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But the hearing before the military commission charged with trying the 5 major 9/11 plotters for crimes ranging from nearly 3,000 counts of murder to terrorism quickly bogged down and became a circus. A legal proceeding that was expected to last about 2 hours became a 13 hour marathon when defense attorneys used a variety of delaying tactics that bordered on the surreal at times, while the defendants ignored the presiding judge, Col. James Pohl, and refused to enter pleas as a protest against what they believe is an “unfair” system. Their pleas were deferred until a later date.
The arraignment, broadcast on closed circuit TV to 4 other military bases, was witnessed by members of the press, military officials, human rights advocates, and six family members who lost loved ones on 9/11. Some family members who spoke to the press after the arraignment were outraged at the cavalier attitude toward the hearing by the terrorists. The untried system of military commissions will no doubt slow the legal process down even more, as defense attorneys explore the limits of their client’s rights. President Obama and Congress amended the system in 2009 and gave the defendants more legal rights while denying some evidence from being presented that was obtained from the prisoners via “enhanced interrogation techniques.” Human rights groups still say the proceedings are unfair and wish the trials to take place in civilian court.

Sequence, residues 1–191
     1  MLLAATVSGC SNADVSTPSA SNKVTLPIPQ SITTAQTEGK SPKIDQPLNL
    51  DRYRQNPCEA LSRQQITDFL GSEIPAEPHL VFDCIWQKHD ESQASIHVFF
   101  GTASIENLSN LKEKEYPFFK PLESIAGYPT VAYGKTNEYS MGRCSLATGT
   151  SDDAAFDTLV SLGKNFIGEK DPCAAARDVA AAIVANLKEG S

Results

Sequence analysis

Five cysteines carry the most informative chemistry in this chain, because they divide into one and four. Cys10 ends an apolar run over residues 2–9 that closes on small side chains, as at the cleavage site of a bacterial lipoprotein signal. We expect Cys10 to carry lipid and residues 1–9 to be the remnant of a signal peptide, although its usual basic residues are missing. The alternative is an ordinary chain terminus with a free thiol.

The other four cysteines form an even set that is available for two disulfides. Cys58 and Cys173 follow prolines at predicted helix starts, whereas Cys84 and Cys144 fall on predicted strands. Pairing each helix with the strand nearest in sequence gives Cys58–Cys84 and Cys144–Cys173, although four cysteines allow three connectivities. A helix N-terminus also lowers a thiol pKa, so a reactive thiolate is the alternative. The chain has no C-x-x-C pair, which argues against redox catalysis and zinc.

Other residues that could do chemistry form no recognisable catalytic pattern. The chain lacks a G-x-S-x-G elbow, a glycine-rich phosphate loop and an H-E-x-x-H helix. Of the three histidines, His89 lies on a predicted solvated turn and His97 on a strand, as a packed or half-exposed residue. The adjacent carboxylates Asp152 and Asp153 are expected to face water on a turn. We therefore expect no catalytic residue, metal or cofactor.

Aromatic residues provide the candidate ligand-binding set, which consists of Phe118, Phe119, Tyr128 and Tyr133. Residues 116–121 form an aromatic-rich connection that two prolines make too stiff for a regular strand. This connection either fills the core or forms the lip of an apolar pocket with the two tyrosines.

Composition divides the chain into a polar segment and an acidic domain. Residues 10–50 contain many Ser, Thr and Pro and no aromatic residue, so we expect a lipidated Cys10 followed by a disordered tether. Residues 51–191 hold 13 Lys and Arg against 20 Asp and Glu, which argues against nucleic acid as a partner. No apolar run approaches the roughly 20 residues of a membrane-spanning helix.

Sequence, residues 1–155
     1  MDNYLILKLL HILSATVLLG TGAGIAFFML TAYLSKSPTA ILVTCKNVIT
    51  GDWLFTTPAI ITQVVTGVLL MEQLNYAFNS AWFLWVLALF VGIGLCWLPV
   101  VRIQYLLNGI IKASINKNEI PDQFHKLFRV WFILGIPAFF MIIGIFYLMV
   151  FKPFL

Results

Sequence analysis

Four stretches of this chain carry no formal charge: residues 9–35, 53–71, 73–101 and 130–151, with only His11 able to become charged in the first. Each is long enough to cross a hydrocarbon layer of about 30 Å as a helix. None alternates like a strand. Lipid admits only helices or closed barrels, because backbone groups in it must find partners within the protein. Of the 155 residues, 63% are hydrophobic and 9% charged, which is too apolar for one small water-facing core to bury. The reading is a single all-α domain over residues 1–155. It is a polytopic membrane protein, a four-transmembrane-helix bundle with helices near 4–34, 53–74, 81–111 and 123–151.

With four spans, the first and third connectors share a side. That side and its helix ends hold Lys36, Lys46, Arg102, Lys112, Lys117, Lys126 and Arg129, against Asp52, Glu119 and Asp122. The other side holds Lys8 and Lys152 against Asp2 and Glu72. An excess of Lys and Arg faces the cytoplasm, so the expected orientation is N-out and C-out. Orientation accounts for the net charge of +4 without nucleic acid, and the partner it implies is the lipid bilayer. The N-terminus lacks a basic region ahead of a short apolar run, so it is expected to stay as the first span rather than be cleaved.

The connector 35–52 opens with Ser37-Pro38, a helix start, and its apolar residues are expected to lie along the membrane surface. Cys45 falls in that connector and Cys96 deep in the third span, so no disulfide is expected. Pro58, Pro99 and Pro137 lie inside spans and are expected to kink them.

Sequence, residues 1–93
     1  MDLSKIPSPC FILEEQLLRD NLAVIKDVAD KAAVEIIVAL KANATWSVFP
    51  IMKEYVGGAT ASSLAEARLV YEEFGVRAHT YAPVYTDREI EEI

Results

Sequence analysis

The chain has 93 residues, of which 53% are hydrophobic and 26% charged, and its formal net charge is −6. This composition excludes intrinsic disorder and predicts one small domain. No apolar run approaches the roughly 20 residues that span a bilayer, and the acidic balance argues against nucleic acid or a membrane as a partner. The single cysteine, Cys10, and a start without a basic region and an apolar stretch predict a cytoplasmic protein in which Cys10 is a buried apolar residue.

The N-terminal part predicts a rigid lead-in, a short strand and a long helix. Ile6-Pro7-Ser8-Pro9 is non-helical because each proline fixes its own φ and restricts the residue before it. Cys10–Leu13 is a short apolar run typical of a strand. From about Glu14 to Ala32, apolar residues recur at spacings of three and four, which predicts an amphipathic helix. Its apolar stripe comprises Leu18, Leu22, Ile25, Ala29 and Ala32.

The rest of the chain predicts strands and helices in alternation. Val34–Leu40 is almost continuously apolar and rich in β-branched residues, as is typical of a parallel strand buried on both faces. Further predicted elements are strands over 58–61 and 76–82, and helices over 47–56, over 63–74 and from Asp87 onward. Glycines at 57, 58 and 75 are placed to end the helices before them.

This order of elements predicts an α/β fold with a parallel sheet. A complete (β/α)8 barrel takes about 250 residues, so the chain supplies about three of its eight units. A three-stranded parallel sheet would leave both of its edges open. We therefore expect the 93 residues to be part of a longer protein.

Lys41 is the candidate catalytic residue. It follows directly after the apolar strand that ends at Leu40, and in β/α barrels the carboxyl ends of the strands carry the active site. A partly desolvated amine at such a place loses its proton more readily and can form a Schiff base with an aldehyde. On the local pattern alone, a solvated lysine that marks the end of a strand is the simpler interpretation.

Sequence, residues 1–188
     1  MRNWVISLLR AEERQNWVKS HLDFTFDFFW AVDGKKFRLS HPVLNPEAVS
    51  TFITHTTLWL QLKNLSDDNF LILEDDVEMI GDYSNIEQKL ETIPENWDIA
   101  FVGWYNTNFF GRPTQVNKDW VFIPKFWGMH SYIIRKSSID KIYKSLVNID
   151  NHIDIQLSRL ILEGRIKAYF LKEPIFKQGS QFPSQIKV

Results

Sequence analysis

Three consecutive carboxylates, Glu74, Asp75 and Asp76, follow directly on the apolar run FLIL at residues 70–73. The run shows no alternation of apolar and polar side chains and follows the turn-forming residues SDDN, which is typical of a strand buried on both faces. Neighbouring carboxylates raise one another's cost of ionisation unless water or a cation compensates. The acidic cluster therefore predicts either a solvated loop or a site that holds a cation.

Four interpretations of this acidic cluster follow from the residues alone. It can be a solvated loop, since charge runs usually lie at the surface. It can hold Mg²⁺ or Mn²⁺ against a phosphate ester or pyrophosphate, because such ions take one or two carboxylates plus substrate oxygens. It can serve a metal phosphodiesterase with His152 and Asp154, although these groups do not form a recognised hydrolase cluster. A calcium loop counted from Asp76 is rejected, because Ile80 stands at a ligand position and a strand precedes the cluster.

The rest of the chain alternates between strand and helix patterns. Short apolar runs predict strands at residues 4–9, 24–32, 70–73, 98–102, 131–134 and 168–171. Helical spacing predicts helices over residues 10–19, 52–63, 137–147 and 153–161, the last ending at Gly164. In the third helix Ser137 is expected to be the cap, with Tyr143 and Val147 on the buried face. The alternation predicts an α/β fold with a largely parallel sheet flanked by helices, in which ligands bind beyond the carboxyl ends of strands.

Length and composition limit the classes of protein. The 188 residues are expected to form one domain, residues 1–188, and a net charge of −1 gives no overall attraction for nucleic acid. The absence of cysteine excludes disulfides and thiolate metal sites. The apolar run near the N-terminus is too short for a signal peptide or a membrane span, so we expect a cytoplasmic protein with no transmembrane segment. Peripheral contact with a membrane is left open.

The five accused included the boastful mastermind of the attacks, Khalid Sheikh Mohammed; Ramzi Binalshibh, who allegedly scouted flights schools; Waleed bin Attash, who allegedly ran a terrorist training camp in Afghanistan and researched flight simulators; Mustafa Ahmad al-Hawsawi, who allegedly supplied Western clothing and credit cards, as well as acting as a conduit for money to the hijackers; and Mohammed’s nephew, Ali Abd al-Aziz Ali, who also helped with financing the operation. The crimes committed by the 5 are outlined in an 87-page indictment that includes charges such as “conspiracy, attacking civilians, attacking civilian objects, intentionally causing serious bodily injury, murder in violation of the law of war, destruction of property in violation of the law of war, hijacking or hazarding a vessel or aircraft, and terrorism.”
It became clear that one of the tactics of defense lawyers — both civilian and military — was to put the entire concept of military commissions on trial. In pursuit of this goal, they have filed hundreds of motions challenging every conceivable aspect of the proceedings, leading Col. Pohl to put back the start of the trial until May, 2013.
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